21st June, 2022
For building and construction businesses in Queensland there are new rules around how to manage project funds coming into play. And it may not be long before we see similar rules around the country.
In 2017, the Queensland State Government announced the Queensland Building Plan, which includes a range of reforms that aim to improve the quality of building projects, resolve licensing issues and increase security of funding for those projects.
When it comes to payment security, a key element of the Queensland Building Plan is the Building Industry Fairness (Security of Payment) Act 2017 (BIF Act), which it’s main purpose is to help people working in the building and construction industry in being paid for the work they do.
Trust account requirements form part of the security of payment measures introduced by the BIF Act. Project bank accounts were initially required for certain State Government projects valued between $1 million to $10 million and secured subcontractor payments. To simplify the requirements, amendments were made to the BIF Act and a new trust account framework commenced in March 2021.
This new framework has a phased rollout, impacting more projects and parties over time.
When full implementation occurs in late 2023, these requirements will impact the majority of building and construction projects above $1 million in Queensland.
As the rollout continues, businesses with building and construction projects in Queensland will need to get up to speed on whether or not these new rules impact them. Supporting services such as auditors, accountants and lawyers with construction clients in Queensland will also need to be familiar with these changes.
Some other states have different trials and variations of the trust account requirements and may soon follow suit with broader trust account requirements for the building industry.
Under the new trust account framework, the head contractor is required to establish a separate project trust account per eligible project.
An overarching retention trust account is also required for parties withholding cash retentions on a project trust project.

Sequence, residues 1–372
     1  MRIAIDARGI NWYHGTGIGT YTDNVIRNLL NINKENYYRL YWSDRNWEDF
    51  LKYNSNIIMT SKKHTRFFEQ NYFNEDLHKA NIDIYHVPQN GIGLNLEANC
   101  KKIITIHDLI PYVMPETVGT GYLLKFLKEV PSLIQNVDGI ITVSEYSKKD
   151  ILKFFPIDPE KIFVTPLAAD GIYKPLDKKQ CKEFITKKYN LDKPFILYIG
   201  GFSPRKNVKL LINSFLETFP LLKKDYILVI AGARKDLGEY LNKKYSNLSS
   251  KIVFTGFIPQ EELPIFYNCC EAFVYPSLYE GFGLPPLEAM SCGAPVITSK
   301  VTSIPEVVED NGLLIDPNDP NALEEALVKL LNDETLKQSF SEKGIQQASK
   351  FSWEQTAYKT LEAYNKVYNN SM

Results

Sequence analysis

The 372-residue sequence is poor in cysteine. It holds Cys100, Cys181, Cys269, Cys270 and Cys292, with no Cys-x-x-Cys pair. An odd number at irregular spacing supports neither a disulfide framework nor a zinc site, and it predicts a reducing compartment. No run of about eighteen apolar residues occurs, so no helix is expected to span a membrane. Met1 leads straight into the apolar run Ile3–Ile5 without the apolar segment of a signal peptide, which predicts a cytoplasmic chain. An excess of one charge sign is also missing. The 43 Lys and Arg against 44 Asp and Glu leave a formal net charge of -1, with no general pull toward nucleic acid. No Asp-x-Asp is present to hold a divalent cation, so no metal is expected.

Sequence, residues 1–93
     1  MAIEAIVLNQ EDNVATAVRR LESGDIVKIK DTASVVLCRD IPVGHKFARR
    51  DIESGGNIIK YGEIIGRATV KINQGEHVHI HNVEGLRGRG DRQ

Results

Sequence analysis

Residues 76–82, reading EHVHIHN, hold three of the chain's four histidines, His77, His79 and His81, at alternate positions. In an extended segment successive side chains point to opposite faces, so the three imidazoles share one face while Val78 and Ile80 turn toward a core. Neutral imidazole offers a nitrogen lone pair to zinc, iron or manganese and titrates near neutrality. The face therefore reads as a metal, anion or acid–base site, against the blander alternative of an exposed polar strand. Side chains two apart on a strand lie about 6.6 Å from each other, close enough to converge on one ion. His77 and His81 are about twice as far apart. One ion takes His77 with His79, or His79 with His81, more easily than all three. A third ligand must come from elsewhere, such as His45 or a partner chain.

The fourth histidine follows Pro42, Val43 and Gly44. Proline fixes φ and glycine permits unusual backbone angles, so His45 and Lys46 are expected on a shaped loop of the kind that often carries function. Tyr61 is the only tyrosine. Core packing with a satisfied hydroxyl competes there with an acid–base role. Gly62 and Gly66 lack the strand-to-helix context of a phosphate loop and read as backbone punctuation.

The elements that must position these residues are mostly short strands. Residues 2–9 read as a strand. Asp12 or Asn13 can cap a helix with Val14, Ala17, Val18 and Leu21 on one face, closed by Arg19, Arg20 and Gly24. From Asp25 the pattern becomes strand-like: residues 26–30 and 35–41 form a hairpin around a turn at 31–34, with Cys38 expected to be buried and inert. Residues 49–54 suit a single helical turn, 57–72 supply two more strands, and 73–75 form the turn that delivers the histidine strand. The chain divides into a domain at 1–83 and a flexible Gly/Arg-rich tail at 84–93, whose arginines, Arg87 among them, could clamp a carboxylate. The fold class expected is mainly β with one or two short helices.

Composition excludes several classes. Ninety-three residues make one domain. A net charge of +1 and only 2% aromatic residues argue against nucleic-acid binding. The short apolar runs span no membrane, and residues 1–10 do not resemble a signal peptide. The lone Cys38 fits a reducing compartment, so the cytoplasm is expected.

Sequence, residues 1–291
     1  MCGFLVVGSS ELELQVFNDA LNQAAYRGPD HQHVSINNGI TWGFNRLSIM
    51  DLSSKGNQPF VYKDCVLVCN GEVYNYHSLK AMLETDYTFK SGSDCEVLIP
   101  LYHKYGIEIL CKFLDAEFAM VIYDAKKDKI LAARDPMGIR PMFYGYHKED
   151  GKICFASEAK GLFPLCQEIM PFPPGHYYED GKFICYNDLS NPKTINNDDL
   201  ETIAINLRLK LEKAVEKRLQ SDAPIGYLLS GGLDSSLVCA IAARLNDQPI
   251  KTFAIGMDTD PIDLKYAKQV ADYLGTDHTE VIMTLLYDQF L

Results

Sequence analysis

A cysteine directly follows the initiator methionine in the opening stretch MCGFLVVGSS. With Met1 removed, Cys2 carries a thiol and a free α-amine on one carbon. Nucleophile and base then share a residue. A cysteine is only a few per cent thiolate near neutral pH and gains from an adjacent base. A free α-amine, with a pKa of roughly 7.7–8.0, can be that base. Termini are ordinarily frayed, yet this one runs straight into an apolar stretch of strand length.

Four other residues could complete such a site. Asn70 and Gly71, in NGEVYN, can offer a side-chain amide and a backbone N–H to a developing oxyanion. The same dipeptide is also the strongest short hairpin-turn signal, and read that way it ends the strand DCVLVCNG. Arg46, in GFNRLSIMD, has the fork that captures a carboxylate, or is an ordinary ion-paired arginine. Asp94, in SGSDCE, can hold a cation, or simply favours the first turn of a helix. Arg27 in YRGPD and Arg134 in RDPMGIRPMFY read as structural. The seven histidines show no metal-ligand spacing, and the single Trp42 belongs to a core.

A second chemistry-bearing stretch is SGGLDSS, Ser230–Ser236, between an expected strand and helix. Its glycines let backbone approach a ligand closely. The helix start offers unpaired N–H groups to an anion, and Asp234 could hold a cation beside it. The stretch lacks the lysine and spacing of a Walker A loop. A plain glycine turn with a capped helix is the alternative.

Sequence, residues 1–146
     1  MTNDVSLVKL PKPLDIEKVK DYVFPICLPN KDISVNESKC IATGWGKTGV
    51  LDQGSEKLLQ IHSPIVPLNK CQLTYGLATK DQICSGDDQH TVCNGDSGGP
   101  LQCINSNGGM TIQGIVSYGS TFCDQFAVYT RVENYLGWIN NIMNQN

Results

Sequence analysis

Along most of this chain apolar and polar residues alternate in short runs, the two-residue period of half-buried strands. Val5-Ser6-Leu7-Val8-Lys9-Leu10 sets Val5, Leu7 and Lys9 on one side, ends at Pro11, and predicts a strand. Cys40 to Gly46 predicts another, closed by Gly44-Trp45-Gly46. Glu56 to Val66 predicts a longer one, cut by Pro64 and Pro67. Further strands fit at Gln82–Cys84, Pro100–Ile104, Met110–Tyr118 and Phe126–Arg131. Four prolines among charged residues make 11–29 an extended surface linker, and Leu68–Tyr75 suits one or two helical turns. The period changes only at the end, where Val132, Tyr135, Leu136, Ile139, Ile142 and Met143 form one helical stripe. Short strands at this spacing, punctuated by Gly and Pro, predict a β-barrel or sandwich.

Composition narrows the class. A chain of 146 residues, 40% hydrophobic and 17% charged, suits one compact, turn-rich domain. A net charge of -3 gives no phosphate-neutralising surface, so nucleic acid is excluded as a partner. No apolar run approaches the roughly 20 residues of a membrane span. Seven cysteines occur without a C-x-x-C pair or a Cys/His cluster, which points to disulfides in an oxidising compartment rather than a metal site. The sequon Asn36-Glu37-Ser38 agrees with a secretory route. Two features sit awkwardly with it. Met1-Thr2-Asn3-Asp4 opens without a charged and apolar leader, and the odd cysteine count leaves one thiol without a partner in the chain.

But how does requiring these accounts help improve trust and payment security in Queensland’s building industry?
The trust account requirements add more rigor and help to quarantine payments to subcontractors in the project trust account, while retention amounts are withheld for any party in the retention trust account. They safeguard these payments in a separate account until they are due and payable to contracted parties.
For a project trust account, the project owner must deposit funds directly into this account and the head contractor must organise for subcontractor payments to be made from this account. It is only if all subcontractors have been paid that a head contractor may pay themselves from this account.
For a retention trust account, the contracting party must transfer cash retentions withheld from payment into the account at the time they are withheld. These funds must remain in the retention trust account until practical completion of the project, at which point a portion can be released. The remaining retention amounts are released at the end of the defects liability period if there are no errors or omissions with the contracted work.
There are strict rules and requirements for trust accounts and they must be set up with an approved financial institution. Significant penalties and consequences apply for non-compliance and mismanagement of trust funds and each contractor must maintain detailed records, complete mandatory training and regular audits of the accounts.